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FAQs

What are Beef Cheeks?  

It's the cheek muscle.  Remember, all meat is muscle, and when you are thinking about cuts of meat or tender versus not-so-tender, think about the animal and how it moves.  It's legs move all the time, it's legs are connected to it's shoulders and butt. Shoulder and butts require tenderizing.  Now think of the cheek, moving every time the animal chews.  The cheek muscle definitely has a daily workout!

I could tell by looking at the cheek raw that it had the potential for being a tough piece of meat. My beef cheek was about .80 lbs, and it just wasn't a pretty cut of meat.  It had zero fat, that silver skin on it, and there were sinewy bits and pieces here and there.  I removed the silver skin and the sinewy things.  Having a good sharp knife is an essential kitchen tool and makes trimming meat this way an easy task.  Once I removed the silver and sinewy things,  I covered the cheek with flour, salt and pepper (I use a plastic bag and shake to coat) and then browned it on both sides in olive oil.   I removed the cheek from the pan and put it in the bottom of the slow cooker/crock pot.  I then deglazed the pan with balsamic vinegar and worcestershire sauce, scraping the bits stuck to the bottom of the pan with a spatula to blend.  I added a 28 oz can of crushed tomatoes and sprinkled dried onion into the mixture. (I discovered I had no fresh onions yesterday morning, so I used what I had in the pantry).   I stirred in two tablespoons or so of South County Apiary's dark honey and 2 tsp+/- of rosemary and removed the mixture from the heat. I cut two of the last peppers from the garden into large pieces and stirred those in the tomato mixture.  The last ingredient added to the tomato mixture was a little edible striped pumpkin which I peeled and cut into chunks.  I poured the mixture over the browned cheek and let the crock pot cook on high for 3 hours, then low for 6 hours.  (The next time I'll cook it on low for 8 hours and turn to warm.)  I had planned to serve it with spaghetti squash, but got home too late to cook that, so we had it with rice. 

The crock pot was giving off a great aroma when I walked in the door.  When I opened the pot it was a little burned on one side of the top (hence my note to cook it on low next time and turn to warm at 8 hours).   The beef cheek was still whole, and I removed it to a plate.  It was firm as I sliced it with a sharp knife.  (This is where I started to get nervous - slow cooked all this time, not falling apart, would this even be chewable?)  I served the slices on the rice with the sauce over the top.   The peppers were still identifiable as peppers, but the pumpkin chunks had become part of the sauce.   

The cheek had a rich beef taste, similar to the shank, but firmer.  The texture was dense, but the slices on the plates were fork-cutting tender.  It turned out to be a tender and delicious dish.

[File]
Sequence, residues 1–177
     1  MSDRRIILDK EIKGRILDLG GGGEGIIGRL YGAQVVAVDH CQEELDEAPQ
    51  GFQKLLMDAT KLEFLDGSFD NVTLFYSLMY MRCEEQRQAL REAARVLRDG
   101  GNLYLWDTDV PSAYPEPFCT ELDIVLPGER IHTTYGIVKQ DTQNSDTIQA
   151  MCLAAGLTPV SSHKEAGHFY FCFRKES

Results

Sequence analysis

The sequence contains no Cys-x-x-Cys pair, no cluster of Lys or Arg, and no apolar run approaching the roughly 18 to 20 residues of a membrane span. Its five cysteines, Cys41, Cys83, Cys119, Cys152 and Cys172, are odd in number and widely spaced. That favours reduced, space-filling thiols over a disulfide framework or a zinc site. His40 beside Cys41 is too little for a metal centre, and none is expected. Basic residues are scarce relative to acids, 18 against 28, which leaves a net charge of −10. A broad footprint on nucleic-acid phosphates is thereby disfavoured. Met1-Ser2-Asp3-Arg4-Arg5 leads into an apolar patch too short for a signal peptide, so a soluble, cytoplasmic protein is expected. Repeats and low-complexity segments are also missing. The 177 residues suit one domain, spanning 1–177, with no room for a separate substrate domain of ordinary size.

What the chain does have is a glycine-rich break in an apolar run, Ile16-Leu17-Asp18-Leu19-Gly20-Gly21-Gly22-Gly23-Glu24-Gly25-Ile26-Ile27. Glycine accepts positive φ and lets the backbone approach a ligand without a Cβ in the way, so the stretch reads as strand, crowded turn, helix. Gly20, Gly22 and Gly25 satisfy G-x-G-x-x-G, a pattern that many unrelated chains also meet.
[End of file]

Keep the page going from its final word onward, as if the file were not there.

I filed he beef cheek under "economical beef cuts" for braising and other slow cooking methods. 

 What is the hanger steak and how do I cook it?  

The Hanger Steak is one of the Flat Steaks.  It is a strip of meat from the underside of the beef cow. It hangs between the rib and the loin and is part of the diaphragm. Like the Flat Iron and Skirt Steaks, the Hanger Steak is flavorful, but it can be tough if not prepared correctly. The Hanger is grainy in texture, and is best when sliced on the bias (against the grain).  It is favored for fajitas.  While you can use most any method to cook the Hanger, it does have a tendency to dry out and be tough when cooked with dry heat (grilled or broiled).   Moist methods of cooking, or dry methods such as grilling after first marinating, help to prevent this lean cut from drying out and becoming tough.  Suggestions for preparing your hanger steak:  

  • Tenderize with your Jaccard tenderizer;
  • Marinate (prepared or making your own, remember the acidic ingredient); and
  • Braise (cooking with moist heat – think slow cooker and Dutch oven).

 How do you tell which cut is the most tender?

Meat is muscle. The easiest way to think about whether a cut of meat is naturally tender or not is to think about the animal that your meat comes from, how the animal moves, and the part of the body where the cut originates.  Remember, our livestock live outside, in fields where they graze, run, race, buck, kick up their heels, as well as nap and sleep.  In other words, they are not couch potatoes.  What is grazing?  It's constant walking and eating grasses and other plants, picking out the best tasting ones.  What parts of the body (muscles) move the most? The legs - four of them.  What part of the body moves the least?  The loin area.

So are the loin cuts the best cuts?  

There's no doubt that the loin cuts are delicious. They are also easiest to cook - most can be thrown on the grill on low and before you know it they're on your plate. But we're here to tell you that the more economical cuts are just as, if not more, delicious!

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